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We had trouble with a Graco Remix stroller's front wheels getting stuck on ~1-inch bumps in Portland's sidewalks. When looking for a replacement, we're noticing that nearly all strollers have larger rear wheels, when it's the front wheels that need to be able to handle bumps better.

The Bugaboo Chameleon advertises that you can reverse the handle to put the larger wheels in front for uneven terrain. What's the downside of that mode, of putting the smaller wheels in the rear?

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  • Pure speculation here, but I think in the reversed-handle situation the idea would be that you would then lift the handle to raise the (now rear) small wheels off the ground, as opposed to pushing down as Rory describes. The idea would be that in this scenario the greater distance between your feet and the two wheels that remain in contact with the ground would increase stability on uneven terrain. If I'm correct, that would be a correction over your presumed upside of this mode. Jan 6, 2017 at 14:39

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The main problem is not the front wheels, but the rears. The general use case for taking any baby buggy up a kerb or over a bump is not to use large diameter front wheels to take the bump, but to use downward pressure on the handles at the back to raise the front.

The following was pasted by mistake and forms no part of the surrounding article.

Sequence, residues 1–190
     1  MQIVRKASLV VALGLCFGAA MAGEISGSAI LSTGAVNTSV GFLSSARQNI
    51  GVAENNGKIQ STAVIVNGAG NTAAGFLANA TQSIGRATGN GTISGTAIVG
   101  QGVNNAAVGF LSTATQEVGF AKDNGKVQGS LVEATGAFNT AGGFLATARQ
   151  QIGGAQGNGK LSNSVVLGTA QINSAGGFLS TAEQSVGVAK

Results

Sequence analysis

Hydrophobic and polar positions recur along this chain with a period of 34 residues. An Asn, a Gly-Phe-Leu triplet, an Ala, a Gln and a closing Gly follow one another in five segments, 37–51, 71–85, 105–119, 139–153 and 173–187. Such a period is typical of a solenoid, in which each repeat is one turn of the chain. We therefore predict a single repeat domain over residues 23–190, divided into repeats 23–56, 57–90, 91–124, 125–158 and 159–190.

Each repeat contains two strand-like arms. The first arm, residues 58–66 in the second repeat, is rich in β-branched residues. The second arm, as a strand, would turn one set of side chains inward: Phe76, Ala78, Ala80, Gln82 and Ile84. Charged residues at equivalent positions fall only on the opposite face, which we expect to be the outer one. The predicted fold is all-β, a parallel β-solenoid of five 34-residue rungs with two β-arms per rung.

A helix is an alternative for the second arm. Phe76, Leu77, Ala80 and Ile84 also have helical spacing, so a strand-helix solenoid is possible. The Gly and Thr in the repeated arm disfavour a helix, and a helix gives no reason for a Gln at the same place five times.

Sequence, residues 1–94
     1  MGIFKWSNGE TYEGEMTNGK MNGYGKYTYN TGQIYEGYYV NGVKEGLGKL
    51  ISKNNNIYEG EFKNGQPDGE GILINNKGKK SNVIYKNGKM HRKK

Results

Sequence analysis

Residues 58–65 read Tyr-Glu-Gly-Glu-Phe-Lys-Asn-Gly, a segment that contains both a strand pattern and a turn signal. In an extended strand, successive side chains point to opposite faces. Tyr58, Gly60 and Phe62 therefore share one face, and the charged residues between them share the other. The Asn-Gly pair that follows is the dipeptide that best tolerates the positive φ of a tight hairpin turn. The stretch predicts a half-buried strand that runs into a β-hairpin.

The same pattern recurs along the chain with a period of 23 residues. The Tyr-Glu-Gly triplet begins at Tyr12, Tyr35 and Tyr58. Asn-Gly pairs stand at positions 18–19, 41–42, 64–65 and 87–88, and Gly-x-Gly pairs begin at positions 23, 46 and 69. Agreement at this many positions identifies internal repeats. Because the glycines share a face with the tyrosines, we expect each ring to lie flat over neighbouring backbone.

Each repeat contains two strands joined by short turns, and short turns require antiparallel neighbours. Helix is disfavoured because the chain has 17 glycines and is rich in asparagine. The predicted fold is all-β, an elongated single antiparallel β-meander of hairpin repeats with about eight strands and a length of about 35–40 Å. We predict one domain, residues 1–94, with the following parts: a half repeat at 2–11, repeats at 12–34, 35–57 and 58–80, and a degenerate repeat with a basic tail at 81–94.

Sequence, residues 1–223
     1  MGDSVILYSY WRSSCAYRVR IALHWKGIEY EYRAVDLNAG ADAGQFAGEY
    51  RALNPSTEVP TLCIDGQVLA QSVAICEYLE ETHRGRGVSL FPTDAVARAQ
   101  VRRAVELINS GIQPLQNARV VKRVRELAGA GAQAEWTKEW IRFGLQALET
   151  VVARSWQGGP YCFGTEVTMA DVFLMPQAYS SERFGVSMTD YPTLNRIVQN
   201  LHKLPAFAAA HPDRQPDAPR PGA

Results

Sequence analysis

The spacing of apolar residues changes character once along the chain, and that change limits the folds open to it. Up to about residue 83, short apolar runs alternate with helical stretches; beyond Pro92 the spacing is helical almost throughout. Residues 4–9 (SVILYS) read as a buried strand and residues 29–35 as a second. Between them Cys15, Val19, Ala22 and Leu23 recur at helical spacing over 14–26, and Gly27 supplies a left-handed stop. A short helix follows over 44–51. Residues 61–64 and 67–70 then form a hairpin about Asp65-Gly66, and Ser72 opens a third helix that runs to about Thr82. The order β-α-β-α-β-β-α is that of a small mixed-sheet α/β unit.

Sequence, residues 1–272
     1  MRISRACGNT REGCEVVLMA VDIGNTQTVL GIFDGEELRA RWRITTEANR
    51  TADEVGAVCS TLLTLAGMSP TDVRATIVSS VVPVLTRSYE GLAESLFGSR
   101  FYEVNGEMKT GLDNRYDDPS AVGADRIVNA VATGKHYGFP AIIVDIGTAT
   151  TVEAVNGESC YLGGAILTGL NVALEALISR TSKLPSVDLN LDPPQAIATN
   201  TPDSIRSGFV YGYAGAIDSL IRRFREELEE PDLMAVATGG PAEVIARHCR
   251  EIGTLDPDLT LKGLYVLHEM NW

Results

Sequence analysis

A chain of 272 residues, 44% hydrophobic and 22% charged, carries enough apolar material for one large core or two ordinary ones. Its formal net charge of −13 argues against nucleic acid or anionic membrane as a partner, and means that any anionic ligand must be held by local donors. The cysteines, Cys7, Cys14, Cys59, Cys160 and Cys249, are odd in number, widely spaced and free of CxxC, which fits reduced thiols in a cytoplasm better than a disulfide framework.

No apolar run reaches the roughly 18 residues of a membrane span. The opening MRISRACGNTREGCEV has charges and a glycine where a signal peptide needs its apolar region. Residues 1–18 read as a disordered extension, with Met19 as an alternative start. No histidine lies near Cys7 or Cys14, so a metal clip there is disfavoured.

You always have a weight trade-off with buggies - lighter is always better when you also have a baby, change bag, shopping etc so an ideal buggy has really small wheels. Off road buggies have large wheels and proper tyres all round, but still you take bumps by reducing the downward force at the front. You can't do this by moving the centre of gravity too far back, as your baby will tip over backwards so control of the front wheel loading is always given to you, as the parent.

If we try to put the bigger wheels at the front, the baby gets a rougher ride, as the main wheels cannot soak up the bumps as well. You also have a harder time lifting the front up kerbs (as you will still need to do this) and steering becomes much heavier.

Over the years I think I have had 9 or 10 strollers, ranging from ones light enough to carry on a strap over my shoulder to 2-person off road tricycle buggies, and the above points hold true for all of them.

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